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Timeline: The Long Road to TP Reform in Brazil

The Brazilian government may be on the verge of aligning the country's unique system with OECD standards, but this is a long-awaited TP change with doubtful results.

Transfer pricing in Brazil has always been a different game than it is everywhere in the globe, but this may be changing.

Brazil's TP guidelines will be decided by lawmakers in the coming months. The key question is whether the country should reinstate the arm's-length principle (ALP) in order to meet OECD TP criteria.

This could assist Brazil in gaining OECD membership, but President Luiz Inácio Lula da Silva may have other plans. Lula may be less eager than his predecessors for Brazil to join the OECD. Many tax specialists are concerned that the Lula administration will be slow to implement international tax reform.

However, the administration may find it difficult to resist the promise of new laws producing more tax income. Without changing headline rates, TP reform is one option to rebalance the tax system and potentially increase revenue.


The lengthy path to Brazilian TP reform began during the presidential campaign of 2018. Running on the Social Liberal Party (PSL) banner, populist Jair Bolsonaro defeated establishment contenders to win the election.

The election of Bolsonaro has reintroduced tax reform on the Brazilian political agenda. His team featured Brazilian Minister of Economics Paul Guedes, a Chicago School economist who advocated for a unified VAT system and corporate tax reduction.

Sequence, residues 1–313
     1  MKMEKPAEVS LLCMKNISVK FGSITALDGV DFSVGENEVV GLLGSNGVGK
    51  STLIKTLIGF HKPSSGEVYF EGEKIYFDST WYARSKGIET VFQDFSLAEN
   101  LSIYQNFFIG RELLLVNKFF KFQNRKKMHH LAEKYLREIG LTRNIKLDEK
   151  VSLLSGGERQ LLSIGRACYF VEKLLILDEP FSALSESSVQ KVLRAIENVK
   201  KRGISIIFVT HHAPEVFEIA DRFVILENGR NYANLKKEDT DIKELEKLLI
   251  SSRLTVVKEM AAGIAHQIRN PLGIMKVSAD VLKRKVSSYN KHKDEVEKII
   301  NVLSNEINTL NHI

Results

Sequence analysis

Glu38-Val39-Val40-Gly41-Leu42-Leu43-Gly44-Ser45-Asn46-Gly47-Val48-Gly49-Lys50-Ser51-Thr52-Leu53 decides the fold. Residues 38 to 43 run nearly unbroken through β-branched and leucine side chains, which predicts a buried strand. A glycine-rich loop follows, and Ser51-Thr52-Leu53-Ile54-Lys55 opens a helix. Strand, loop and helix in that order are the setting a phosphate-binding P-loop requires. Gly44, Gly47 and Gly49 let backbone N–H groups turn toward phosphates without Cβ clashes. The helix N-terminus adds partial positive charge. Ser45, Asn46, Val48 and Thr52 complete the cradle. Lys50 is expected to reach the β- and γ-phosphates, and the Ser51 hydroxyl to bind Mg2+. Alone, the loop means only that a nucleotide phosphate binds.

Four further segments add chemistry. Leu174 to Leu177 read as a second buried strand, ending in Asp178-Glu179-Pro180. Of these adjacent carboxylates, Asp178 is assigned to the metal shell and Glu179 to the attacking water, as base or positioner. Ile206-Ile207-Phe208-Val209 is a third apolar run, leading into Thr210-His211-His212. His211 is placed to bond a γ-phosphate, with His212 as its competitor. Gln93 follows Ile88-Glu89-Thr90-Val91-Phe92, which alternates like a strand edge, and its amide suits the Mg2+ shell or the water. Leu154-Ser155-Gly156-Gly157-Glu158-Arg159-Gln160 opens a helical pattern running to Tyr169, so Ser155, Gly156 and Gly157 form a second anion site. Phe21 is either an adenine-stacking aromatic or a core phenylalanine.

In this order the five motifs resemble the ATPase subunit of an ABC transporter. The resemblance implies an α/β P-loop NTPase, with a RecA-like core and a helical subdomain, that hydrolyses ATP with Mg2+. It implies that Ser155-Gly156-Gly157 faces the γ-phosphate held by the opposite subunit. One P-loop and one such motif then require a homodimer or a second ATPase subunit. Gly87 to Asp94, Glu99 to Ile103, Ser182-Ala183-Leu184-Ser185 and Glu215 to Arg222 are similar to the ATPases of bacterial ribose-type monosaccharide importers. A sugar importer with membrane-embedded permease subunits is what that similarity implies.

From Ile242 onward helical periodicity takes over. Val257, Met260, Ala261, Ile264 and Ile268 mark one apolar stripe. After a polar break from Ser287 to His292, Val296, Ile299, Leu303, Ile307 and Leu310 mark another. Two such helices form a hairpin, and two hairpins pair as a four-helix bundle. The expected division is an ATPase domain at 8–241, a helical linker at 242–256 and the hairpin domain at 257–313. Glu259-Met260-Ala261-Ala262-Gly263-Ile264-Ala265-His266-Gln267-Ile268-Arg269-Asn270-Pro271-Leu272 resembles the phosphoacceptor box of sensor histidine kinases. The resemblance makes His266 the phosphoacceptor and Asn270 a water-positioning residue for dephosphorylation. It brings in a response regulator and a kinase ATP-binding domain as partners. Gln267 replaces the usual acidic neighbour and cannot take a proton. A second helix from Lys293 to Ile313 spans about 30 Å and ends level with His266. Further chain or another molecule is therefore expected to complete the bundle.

Many observers interpreted Guedes' appointment as a foreshadowing of things to come. However, during the next four years, the administration would meet hurdle after obstacle in Congress.


President Bolsonaro was elected on a platform of overhauling the corporate tax code, including Brazil's TP laws, in January 2019. He promised to cut the overall corporation tax rate from 34% to 25%.

The Bolsonaro government had a long list of economic reforms in the works, including shrinking the public sector and revamping the pension system. Tax reform was lower on the priority list, but it was an important component of the agenda for the first year of the new government.

However, the case for Brazilian corporate tax reform ran into severe roadblocks. The president clashed with senior PSL MPs about plans to appoint his son as Brazil's ambassador to the United States.

Bolsonaro eventually had to break away from the PSL and reign as an independent. This infighting was a major setback for Brazil's plan to restructure corporate taxation. Many MPs were outraged by the cutbacks to pensions, let alone the business tax.


The Bolsonaro administration felt that the window of opportunity for revising tax legislation was closing by January 2020. Guedes told the administration in early March that it had only 15 weeks to change the tax structure. But then tragedy happened.

Brazil, like the rest of the world, was struck by the COVID-19 pandemic in spring 2020, but President Bolsonaro adopted a different strategy, attempting to prevent a nationwide lockdown. Many state and local governments have chosen to implement their own programmes rather than rely on the federal government.

Meanwhile, the Brazilian government has been forced to postpone its plans for a simpler, less complex corporate tax system with OECD-style TP regulations. These objectives were postponed, but the work proceeded in the background.